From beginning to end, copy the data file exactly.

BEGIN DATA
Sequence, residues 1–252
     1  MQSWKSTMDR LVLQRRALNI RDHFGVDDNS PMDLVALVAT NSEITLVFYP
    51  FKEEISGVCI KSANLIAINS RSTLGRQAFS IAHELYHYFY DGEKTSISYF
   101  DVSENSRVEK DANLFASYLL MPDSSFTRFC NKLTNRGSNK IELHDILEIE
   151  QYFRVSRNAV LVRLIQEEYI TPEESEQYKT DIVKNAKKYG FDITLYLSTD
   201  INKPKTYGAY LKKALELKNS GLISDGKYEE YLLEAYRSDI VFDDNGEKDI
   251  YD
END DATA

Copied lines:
Sequence, residues 1–252
     1  MQSWKSTMDR LVLQRRALNI RDHFGVDDNS PMDLVALVAT NSEITLVFYP
    51  FKEEISGVCI KSANLIAINS RSTLGRQAFS IAHELYHYFY DGEKTSISYF
   101  DVSENSRVEK DANLFASYLL MPDSSFTRFC NKLTNRGSNK IELHDILEIE
   151  QYFRVSRNAV LVRLIQEEYI TPEESEQYKT DIVKNAKKYG FDITLYLSTD
   201  INKPKTYGAY LKKALELKNS GLISDGKYEE YLLEAYRSDI VFDDNGEKDI
   251  YD